Stephen Bankuti, 78; Sudbury soccer coach fought in Hungarian resistance

Mr. Bankuti made a final visit to Hungary in September.
Mr. Bankuti made a final visit to Hungary in September.

As a boy in Hungary, Stephen Bankuti defused land mines in farm fields near his home during World War II, and he left school to support his family when the Soviet Army sent his father to a prison camp in Siberia for two years.

In 1956, at age 23, he was part of the short-lived Hungarian resistance movement that rose up during the Soviet occupation.

“When that resistance began to falter, he stole the truck of the company he was working for and brought a group of people to safety over the Austrian border,” said his son-in-law, Frank Joyner of Hudson. “He planned to return to the fight, but as other refugees arrived near the border, they told him how matters had worsened, and he decided to cross the border with them.”


While Mr. Bankuti was in a refugee camp in Austria, Vice President Richard M. Nixon visited and extended a general invitation to come to the United States. “When he shook Steve’s hand, he decided he would come here,” Joyner said.

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Mr. Bankuti, a coach who was instrumental in bringing girls' soccer to Sudbury, and who for years operated Steve’s Auto Body, a repair and towing business in town, died of Parkinson’s disease and leukemia May 19 in his home in Marlborough, where he had lived since the mid-1990s. He was 78.

He arrived in the United States early in 1957 via Camp Kilmer in New Jersey and was sponsored by First Parish Church in Wayland to come to Massachusetts.

Mr. Bankuti started his business in Wayland in a neighbor’s garage, where he met Virginia Lamy.

“I had a 1940 Chevy that needed repairs,” she recalled. “Friends knew Steve’s story and recommended his garage. He had only been here over a year. He told me he fell in love with me the first time we met, and proposed on our first date.”


They married in 1958. In 1986, they sold the towing business, bought a 1790 house in New Ipswich, N.H., and converted it to a bed and breakfast.

“Steve was always earnest and hard-working,” she said.

Ten years later, they moved to Marlborough to be near their children.

A skilled soccer player in Hungary, Mr. Bankuti played a lead role in bringing girls’ soccer to Sudbury, said his friends, who added that he was the first girls’ soccer coach at Lincoln-Sudbury Regional High School and also coached soccer at what is now Curtis Middle School.

Others pitched in, among them John Wilson of Sudbury and Harvey Gross of Sarasota, Fla., who formerly lived in the area and played soccer in his native England.


“Steve was an awfully nice guy and was way ahead of his time in the early 1970s to 1990s, when there were no girls’ soccer teams here,” Gross said.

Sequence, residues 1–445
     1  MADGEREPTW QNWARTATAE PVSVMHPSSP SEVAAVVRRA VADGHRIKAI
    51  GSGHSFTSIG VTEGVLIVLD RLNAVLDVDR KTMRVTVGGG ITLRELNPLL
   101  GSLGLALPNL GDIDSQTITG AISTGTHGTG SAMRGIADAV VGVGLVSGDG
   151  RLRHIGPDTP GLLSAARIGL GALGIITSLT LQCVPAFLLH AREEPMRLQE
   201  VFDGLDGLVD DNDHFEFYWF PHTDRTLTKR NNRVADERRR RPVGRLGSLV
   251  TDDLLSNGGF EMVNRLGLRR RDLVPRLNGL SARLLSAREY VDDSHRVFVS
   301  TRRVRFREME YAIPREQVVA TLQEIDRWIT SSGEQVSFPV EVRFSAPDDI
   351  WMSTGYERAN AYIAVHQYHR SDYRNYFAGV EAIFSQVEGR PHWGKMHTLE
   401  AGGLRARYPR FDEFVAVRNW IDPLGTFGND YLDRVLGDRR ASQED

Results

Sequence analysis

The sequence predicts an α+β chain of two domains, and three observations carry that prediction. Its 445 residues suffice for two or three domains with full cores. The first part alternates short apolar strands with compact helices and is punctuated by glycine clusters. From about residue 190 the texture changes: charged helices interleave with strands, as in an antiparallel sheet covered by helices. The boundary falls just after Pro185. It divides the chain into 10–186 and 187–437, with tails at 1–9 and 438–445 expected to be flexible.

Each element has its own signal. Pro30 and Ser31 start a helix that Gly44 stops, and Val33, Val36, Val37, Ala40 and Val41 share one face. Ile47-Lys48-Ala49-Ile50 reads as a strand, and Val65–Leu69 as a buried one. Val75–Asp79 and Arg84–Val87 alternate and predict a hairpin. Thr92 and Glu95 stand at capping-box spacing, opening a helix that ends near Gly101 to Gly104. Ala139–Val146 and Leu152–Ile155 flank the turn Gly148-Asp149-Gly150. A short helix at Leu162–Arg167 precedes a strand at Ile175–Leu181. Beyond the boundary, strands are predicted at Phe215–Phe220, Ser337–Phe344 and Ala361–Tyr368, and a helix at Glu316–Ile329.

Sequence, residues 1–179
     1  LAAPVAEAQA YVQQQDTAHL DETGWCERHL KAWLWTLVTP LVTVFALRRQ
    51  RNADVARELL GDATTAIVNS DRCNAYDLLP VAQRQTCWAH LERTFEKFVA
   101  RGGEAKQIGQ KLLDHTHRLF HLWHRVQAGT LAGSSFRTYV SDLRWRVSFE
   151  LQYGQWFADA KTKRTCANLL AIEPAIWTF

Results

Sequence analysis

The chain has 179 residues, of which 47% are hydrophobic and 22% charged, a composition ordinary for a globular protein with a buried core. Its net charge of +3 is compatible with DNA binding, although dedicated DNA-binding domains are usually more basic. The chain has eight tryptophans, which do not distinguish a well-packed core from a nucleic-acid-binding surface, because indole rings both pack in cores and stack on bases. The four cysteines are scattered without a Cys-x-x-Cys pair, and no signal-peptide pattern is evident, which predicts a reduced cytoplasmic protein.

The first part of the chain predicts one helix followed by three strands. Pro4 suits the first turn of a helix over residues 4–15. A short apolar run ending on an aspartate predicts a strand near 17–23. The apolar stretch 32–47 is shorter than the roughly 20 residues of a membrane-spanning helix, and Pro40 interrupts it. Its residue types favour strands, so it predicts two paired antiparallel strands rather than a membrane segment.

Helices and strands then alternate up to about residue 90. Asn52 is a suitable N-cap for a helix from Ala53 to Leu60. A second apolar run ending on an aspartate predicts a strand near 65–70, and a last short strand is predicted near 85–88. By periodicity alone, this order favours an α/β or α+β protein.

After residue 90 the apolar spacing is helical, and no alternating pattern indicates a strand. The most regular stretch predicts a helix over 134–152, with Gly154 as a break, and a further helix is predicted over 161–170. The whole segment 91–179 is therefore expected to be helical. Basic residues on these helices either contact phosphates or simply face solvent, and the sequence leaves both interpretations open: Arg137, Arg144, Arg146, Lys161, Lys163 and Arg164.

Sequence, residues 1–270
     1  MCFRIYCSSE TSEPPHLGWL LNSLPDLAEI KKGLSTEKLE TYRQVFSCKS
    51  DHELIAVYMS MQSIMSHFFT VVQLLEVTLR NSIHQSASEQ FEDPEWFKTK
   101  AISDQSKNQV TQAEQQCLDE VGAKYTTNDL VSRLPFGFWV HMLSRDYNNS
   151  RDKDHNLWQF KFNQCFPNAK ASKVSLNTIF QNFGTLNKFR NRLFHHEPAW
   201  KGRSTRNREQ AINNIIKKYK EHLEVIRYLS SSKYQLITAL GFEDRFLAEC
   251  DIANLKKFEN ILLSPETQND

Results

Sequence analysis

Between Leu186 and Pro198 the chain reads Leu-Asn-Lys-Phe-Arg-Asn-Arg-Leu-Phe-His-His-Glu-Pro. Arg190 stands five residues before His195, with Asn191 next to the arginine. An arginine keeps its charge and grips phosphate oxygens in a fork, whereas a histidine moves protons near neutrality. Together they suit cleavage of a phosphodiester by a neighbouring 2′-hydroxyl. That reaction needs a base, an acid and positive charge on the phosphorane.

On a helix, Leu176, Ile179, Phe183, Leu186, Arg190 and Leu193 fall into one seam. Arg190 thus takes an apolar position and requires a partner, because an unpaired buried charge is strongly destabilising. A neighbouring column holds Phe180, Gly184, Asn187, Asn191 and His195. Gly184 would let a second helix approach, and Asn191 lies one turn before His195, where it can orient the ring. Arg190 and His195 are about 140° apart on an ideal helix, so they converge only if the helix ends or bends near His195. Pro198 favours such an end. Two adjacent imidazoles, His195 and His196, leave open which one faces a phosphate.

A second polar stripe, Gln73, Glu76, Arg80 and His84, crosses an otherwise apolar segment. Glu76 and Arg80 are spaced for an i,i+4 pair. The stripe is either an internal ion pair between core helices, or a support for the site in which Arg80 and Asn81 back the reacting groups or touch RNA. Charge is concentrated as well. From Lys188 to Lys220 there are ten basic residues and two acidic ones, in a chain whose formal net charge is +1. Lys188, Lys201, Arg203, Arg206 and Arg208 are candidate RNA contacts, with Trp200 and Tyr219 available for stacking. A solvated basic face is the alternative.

“He was very generous with his time,” said Wilson, who added that after the program’s first year, membership doubled.

Mr. Bankuti’s daughters, Marie of North Kingstown, R.I., and Julie Joyner of Hudson, and Wilson’s daughter, Kathleen Sawyer of Sudbury, suggested that their “nagging” might have been the impetus.

“My father coached soccer for hundreds of kids of all ages, for the Sudbury town and school programs,” Marie said in a eulogy during her father’s memorial service.

“He helped grow the boys’ league and initiated the girls’ league in town,” she said. “Thanks to him, we girls were real pioneers. It never even occurred to him that ‘girls don’t play soccer.’ It made him feel so alive to share his passion, and he coached all four of us kids. I remember him running up and down the sidelines, calling our names, shouting encouragement and challenging us to always be the first to the ball.”

Sawyer, who was 10 when she began playing soccer and still plays with a women’s team, said Mr. Bankuti welcomed female players.

“He encouraged us as well as he did the boys,” she said.

“My father was a wonderful, giving man,” Julie said. “He was a colorful guy and raised cows, pigs, ponies, sheep, steer, ducks, and chickens — not common in the suburbs. He was a generous man with his money, time, talent, and especially love.”

Born Istvan Bankuti in Budapest and raised in the small Hungarian village of Rackeresztur, he first arrived in Massachusetts with another young Hungarian who also was sponsored by the men’s group of First Parish Church in Wayland.

“We were expecting a family and the church was looking for a house, but two bachelors arrived instead and were given quarters in the parish house,” said Mary Trageser of Newton, who with her late husband, David, took the two immigrants under their wing. “They couldn’t speak a word of English, and the men’s group taught them.”

Mr. Bankuti, she added, “was a wonderful human being. He would do anything for a friend.”

He was so proud of becoming a US citizen in 1963 that “you couldn’t say anything about the United States government in his presence,” she said.

In Sudbury, Mr. Bankuti was known for not charging a fee for jobs such as winching a teenager’s car out of a ditch.

Mr. Bankuti, who believed in staying active, climbed Mount Monadnock in New Hampshire at 73.

A service has been held for Mr. Bankuti, who in addition to his wife and two daughters leaves two sons, Stephen of Sudbury and Frank of Pepperell; two sisters, Maria Pongracz and Magda Zarka, and a brother, Frank, all of Hungary; nine grandchildren; and three great-grandchildren.

In September, during his last visit to Hungary, Mr. Bankuti climbed the challenging Somló Hill.

That visit to his homeland was poignant, said his wife, who added that “we all knew it would be Steve’s last.”

Gloria Negri can be reached at